Richard Roeper Goes Backstage at “Modern Family”
LOS ANGELES — It’s lunchtime for all three branches of “Modern Family.”
Chattering happily and casually, they file into an obelisk-shaped room, carrying their paper plates of salads and healthful-looking side dishes, and they take their seats at a long, long table.
Alex and Haley Dunphy sit side by side, as do Phil and Claire, Cameron and Mitchell, and Jay and Gloria. (The younger kids — Manny and Luke, Lily and Joe — aren’t here today.)
They work on their lunches — and they get to work.
Scripts are opened, eyeglasses are put on, and the story unwinds. Soon the room is rolling with laughter as Gloria gives Jay the business about a certain personality shortcoming, and Alex and Haley bond over each other’s romantic follies, and Cam and Mitch banter as only those two can.
Last Wednesday, one week before the Season Seven premiere (8 p.m. Wednesday, WLS-Channel 7) of ABC’s groundbreaking and five-time Emmy-winning “Modern Family” (which lost out on a chance for a record sixth-straight best comedy win to “Veep” on Sunday), I visited the “Modern Family” set, watched a full table read of a work-in-progress episode and sat in on a taping of a scene in another upcoming show.
While edgier fare such as “Louie,” “Veep” and “Girls” have stolen a bit of the thunder from “Modern Family” in the last couple of years, let’s remember how groundbreaking this show was when it debuted in 2009 — and how strong the writing and acting remain after some 144 episodes.
I believe it’s one of the Top 10 half-hour comedy series of all-time.
Joining Ariel Winter and Sarah Hyland, Ty Burrell and Julie Bowen, Eric Stonestreet and Jesse Tyler Ferguson, Ed O’Neill and Sofia Vergara for the table read is an iconic comedic actress who will be guest-starring on this particular episode. She is introduced to enthusiastic applause, and the table read begins.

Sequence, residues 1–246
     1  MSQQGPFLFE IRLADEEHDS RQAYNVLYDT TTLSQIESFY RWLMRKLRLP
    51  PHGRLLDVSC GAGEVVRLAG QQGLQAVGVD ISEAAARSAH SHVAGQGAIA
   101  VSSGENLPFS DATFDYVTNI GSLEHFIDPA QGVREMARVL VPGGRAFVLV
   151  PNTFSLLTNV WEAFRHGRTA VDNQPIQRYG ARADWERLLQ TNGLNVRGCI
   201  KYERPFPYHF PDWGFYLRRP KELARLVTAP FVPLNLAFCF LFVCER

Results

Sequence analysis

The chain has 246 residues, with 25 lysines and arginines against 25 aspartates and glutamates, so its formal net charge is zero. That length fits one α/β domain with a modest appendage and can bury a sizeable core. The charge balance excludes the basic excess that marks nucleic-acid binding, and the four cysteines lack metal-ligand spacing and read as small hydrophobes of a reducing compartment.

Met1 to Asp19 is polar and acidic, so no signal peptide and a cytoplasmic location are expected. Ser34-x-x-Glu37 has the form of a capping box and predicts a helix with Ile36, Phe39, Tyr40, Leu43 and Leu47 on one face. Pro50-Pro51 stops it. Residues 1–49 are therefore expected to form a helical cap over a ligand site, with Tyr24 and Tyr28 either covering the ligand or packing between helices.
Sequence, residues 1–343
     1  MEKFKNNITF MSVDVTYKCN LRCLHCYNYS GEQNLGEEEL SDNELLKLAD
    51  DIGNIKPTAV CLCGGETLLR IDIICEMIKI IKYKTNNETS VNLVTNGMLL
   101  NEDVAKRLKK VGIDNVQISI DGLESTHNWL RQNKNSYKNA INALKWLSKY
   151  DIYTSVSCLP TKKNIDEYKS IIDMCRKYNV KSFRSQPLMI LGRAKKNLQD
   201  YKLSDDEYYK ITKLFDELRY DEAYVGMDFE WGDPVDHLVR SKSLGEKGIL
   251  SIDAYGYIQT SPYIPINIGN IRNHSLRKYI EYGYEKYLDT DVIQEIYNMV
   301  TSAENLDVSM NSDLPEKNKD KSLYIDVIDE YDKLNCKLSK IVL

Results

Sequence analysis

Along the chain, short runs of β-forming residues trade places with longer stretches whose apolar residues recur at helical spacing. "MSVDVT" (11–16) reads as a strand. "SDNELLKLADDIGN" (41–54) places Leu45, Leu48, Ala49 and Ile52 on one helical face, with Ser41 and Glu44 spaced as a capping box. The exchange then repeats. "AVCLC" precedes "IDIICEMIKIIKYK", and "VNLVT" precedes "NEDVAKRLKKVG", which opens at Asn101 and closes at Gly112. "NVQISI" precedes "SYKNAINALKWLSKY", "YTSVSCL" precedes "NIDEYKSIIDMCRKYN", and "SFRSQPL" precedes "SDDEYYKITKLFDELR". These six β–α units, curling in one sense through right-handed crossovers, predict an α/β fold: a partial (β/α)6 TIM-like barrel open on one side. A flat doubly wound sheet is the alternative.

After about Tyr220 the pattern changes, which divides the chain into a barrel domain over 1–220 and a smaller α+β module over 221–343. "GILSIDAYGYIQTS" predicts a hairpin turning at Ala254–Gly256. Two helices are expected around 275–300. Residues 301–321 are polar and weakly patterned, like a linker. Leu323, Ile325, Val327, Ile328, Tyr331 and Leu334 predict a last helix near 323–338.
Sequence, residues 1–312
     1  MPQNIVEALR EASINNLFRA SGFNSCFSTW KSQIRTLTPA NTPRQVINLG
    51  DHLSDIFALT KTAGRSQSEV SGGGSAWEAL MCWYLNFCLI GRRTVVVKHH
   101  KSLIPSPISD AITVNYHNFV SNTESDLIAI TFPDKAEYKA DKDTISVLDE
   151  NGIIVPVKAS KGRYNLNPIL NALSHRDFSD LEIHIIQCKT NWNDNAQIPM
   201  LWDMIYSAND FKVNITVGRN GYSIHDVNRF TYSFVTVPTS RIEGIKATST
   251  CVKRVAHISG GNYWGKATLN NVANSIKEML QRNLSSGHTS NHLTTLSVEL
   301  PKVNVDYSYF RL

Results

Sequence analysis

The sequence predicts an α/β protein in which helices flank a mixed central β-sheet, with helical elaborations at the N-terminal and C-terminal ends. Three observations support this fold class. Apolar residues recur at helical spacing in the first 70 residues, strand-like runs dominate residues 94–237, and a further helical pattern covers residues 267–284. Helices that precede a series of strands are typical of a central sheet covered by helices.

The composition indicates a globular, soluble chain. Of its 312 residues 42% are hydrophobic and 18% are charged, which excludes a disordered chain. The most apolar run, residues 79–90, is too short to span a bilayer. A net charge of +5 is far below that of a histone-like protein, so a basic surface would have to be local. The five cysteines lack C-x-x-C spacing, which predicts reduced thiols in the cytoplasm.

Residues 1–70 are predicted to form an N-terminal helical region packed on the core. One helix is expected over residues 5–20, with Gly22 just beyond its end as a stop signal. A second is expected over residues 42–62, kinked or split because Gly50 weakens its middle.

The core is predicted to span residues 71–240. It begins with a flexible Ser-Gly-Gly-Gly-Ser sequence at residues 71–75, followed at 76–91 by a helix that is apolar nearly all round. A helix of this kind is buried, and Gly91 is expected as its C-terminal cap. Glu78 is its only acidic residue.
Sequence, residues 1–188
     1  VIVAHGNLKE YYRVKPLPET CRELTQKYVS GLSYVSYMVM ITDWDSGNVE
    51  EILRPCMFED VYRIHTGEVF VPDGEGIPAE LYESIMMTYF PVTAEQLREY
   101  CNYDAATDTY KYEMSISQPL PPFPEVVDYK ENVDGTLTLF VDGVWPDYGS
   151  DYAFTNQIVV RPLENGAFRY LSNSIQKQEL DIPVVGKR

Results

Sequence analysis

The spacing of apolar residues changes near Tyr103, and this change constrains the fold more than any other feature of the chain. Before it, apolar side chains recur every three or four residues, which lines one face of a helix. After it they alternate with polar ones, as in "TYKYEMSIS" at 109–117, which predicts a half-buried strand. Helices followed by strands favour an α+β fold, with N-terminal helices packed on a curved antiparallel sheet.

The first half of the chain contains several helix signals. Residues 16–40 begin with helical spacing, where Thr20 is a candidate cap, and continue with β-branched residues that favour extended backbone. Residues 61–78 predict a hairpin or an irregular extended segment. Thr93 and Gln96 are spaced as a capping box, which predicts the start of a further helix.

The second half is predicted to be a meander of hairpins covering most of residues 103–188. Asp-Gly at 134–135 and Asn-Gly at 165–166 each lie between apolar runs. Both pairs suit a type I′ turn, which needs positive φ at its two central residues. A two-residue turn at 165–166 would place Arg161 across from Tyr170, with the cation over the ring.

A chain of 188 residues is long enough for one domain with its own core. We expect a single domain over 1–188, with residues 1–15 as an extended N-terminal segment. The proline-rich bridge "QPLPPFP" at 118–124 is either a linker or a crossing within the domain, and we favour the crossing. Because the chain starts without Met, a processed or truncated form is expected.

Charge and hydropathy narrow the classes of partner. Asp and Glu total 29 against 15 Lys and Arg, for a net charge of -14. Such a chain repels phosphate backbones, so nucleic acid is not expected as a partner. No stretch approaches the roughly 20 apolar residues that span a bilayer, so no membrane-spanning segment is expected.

Even in this relatively early stage of the creative process, the writing is so sharp and the actors are so comfortable with their characters, it’s easy to envision the episode that will eventually air. All the cast members are engaged and generous with their attention, even when they’re not involved in a particular scene.
After the table read, I’m given a tour of the “Modern Family” sets.
In the real world (and in some exterior shots on the show), the home that serves as the Dunphys’ is on Dunleer Drive in Los Angeles; Cam and Mitch’s duplex is in Century City, and the Pritchetts’ place is in Brentwood.
Of course, that’s not how it works when it comes to cranking out a TV show.
The magic must be consolidated.
So on Stage 5 on the Fox Studios lot — an enormous building that has housed everything from segments of “The Grapes of Wrath” to “L.A. Law” — the Dunphys’ living room and Lily’s bedroom and Alex’s dorm room and Luke’s bedroom and the Pritchetts’ entranceway and Mitchell and Cam’s living room are all connected.
(Surprisingly, though, the staircase in the Dunphy house set doesn’t lead to nowhere, as would be the case with most TV shows and sets. The bedrooms are literally upstairs.)
Every photograph on every wall, every knick-knack tucked into a corner of a kitchen or dining room, every poster on every kid’s bedroom wall, every award is specific and true to the history of the show.
The lighting and background set detail (and post-production editing) on “Modern Family” are among the most creative and ambitious ever seen on a sitcom. Think about your favorite comedies, from “Cheers” to “Friends” to “Frasier” to “Seinfeld,” and how the primary sets have few windows — or static background images. That makes it so much easier to light and to maintain a consistent look. On “Modern Family,” nearly every episode includes multiple daytime scenes with open windows in the background. Morning feels like morning.
This afternoon’s shoot is taking place at the “Pritchett house.” Gloria answers the door, Mitch and Cam enter, there’s a bit of byplay among the three of them about a previous plot thread and then Mitch and Jay have a scene together.
It’s more of a setup situation than a payoff — but as the cast goes through one, two, three, four, five takes, subtle shifts are made, line readings change, and it gets better each time.